Abortion centers sue to reverse Ohio’s new ban on aborting babies with Down Syndrome
CINCINNATI, Ohio, February 20, 2018 (LifeSiteNews) – The American Civil Liberties Union and Planned Parenthood are suing to block Ohio’s new state law that bans abortion of preborn babies because they have Down Syndrome. The lawsuit calls the law an “unconstitutional undue burden on the abortion right.”
The Down Syndrome Non-Discrimination Act, or HB-214, passed the legislature last year, and Governor John Kasich (R) signed it into law on December 22. Abortionists violating the ban may receive fines, jail time, or a loss of their medical license. There are no punishments for the women who abort a possible Down syndrome baby.
The new law is scheduled to take effect next month.
The lawsuit characterizes the new law as “striking at the very heart of the Fourteenth Amendment right to privacy and autonomy,” yet neither “privacy” nor “autonomy” are mentioned or even inferred in the Constitution.
“For many families, the right decision is...abortion,” the ACLU complaint reads, calling abortion of babies with Down Syndrome “medically appropriate care.” It refers to the baby in her mother’s womb as “the products of conception.”
Planned Parenthood Southwest Ohio Region, Planned Parenthood Greater Ohio, Cleveland’s “Preterm” abortion facility, Dayton’s Women’s Med Group, and Dr. Roslyn Kade filed in the U.S. District Court in Cincinnati against the Ohio Department of Health, county prosecutors and members of the state medical board.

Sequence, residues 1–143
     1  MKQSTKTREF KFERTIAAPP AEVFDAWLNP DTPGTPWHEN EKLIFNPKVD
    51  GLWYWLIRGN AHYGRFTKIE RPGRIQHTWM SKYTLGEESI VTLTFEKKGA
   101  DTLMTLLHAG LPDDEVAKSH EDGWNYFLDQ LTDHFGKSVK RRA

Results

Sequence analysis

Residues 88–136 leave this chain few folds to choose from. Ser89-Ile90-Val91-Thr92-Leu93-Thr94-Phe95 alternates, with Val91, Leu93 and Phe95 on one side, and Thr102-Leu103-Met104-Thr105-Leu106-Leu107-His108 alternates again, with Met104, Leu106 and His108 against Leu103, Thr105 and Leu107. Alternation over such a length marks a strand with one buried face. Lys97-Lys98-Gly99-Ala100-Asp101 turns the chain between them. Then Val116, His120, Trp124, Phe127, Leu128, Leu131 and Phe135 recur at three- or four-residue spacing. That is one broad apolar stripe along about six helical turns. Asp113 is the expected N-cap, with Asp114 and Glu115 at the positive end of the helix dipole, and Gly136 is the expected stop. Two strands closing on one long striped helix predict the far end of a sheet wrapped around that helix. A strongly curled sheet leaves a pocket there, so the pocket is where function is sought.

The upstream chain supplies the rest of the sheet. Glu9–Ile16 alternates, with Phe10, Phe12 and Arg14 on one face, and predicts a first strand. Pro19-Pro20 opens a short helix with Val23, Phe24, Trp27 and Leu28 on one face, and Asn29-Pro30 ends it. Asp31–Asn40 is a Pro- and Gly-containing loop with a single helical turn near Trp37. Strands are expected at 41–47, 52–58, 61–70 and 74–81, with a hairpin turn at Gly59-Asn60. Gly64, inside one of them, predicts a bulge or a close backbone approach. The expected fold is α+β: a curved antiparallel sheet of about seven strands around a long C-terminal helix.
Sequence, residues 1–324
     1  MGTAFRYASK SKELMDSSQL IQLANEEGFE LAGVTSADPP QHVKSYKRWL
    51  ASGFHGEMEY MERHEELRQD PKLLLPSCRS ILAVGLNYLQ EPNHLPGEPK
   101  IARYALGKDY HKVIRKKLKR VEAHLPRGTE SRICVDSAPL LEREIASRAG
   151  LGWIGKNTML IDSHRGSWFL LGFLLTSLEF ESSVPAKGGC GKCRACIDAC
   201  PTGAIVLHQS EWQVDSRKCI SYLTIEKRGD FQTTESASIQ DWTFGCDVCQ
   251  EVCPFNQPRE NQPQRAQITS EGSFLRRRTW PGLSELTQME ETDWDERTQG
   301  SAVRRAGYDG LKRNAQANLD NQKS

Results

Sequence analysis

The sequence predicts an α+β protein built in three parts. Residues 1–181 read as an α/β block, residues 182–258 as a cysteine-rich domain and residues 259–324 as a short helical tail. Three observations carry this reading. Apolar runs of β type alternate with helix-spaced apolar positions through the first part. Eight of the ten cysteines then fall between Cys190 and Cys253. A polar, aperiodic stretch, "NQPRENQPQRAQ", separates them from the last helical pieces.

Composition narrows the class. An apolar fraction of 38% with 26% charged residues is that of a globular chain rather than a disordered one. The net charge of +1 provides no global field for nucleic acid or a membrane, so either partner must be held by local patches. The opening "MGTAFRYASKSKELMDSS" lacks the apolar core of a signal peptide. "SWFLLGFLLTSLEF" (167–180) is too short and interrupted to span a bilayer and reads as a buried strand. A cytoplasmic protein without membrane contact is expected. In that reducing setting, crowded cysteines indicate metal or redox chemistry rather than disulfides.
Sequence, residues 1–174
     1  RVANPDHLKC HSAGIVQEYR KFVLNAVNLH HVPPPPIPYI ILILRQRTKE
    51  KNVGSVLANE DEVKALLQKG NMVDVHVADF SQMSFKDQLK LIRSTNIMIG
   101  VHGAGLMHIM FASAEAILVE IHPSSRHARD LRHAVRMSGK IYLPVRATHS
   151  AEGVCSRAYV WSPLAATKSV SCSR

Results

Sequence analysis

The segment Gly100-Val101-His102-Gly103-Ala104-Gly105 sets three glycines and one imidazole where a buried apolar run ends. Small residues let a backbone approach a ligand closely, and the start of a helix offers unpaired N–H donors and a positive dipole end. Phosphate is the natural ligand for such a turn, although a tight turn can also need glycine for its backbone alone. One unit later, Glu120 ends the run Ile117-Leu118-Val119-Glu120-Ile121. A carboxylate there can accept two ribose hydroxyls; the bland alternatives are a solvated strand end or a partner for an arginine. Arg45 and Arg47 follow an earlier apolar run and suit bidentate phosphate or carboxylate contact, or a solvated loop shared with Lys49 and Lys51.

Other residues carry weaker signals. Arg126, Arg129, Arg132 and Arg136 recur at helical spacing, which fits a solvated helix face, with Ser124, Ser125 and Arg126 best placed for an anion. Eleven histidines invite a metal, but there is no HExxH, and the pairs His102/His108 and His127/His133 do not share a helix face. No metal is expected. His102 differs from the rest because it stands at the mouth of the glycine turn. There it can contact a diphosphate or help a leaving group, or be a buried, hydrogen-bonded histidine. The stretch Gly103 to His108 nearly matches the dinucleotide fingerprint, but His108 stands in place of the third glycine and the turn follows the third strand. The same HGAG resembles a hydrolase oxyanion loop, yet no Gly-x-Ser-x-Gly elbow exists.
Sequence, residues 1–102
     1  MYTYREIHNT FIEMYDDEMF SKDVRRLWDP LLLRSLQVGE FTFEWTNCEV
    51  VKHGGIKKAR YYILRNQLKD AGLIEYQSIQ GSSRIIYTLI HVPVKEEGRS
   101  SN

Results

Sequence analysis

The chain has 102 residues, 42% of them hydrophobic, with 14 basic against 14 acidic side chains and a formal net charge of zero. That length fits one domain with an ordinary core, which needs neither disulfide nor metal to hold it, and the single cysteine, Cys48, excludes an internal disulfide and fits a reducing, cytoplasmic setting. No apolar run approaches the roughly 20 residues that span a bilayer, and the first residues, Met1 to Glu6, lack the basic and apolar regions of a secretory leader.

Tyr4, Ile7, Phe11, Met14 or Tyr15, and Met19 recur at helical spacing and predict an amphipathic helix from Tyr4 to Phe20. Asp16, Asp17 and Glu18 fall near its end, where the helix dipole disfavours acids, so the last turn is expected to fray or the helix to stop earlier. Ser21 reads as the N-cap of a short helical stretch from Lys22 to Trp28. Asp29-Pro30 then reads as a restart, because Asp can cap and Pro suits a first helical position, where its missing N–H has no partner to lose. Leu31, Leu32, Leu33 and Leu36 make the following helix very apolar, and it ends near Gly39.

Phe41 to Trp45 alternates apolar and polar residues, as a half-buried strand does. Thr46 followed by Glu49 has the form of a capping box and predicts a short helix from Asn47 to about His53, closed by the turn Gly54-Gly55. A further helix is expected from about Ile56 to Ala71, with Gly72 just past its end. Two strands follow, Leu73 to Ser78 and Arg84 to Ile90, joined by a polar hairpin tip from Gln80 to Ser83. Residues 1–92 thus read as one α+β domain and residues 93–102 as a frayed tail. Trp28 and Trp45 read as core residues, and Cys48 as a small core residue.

Ohio Right to Life President Mike Gonidakis called the lawsuit “discrimination.”
“It is a shame that an organization that claims to be the very biggest and best at defending victims of discrimination completely disregards the most vulnerable members of our society who are being discriminated against,” he said.
Gonidakis said that a prenatal diagnosis of Down syndrome "should not mean a death sentence.”
“Every Ohioan deserves the right to life, no matter how many chromosomes they have,” he added.
The suit ultimately wants the law declared unconstitutional, and is also seeking an immediate injunction putting a hold on its enforcement, as well as money.
The medical journal Prenatal Diagnosis reports that up to 85 percent of pregnant women who receive a Down Syndrome diagnosis abort their child. The numbers are so high that the European Center for Law and Justice appealed to the United Nations’ Human Rights Council in an oral intervention, calling the practice a “contemporary form of eugenics and racism.”
One in 691 babies is conceived with Down syndrome. However, “the advances in science and medicine that allow people with Down syndrome to lead successful lives,” Live Action explains. “Today, people with Down syndrome receive equal education alongside their peers, and many live on their own, get married, and hold jobs.”
Addressing this concern, Ohio passed a pro-information law to give women more accurate and less stigmatizing data on the disability.
Ohio is the fourth state to prohibit abortion because of Down Syndrome and/or possible fetal abnormality.
Indiana’s ban was struck down by a federal judge after an ACLU challenge. North Dakota’s 2013 ban remains in force because the state’s only abortion business does not terminate past 16 weeks gestation, before prenatal testing. Louisiana’s 2016 law is not enforced while the Center for Reproductive Rights challenges it and six other pro-life statutes.
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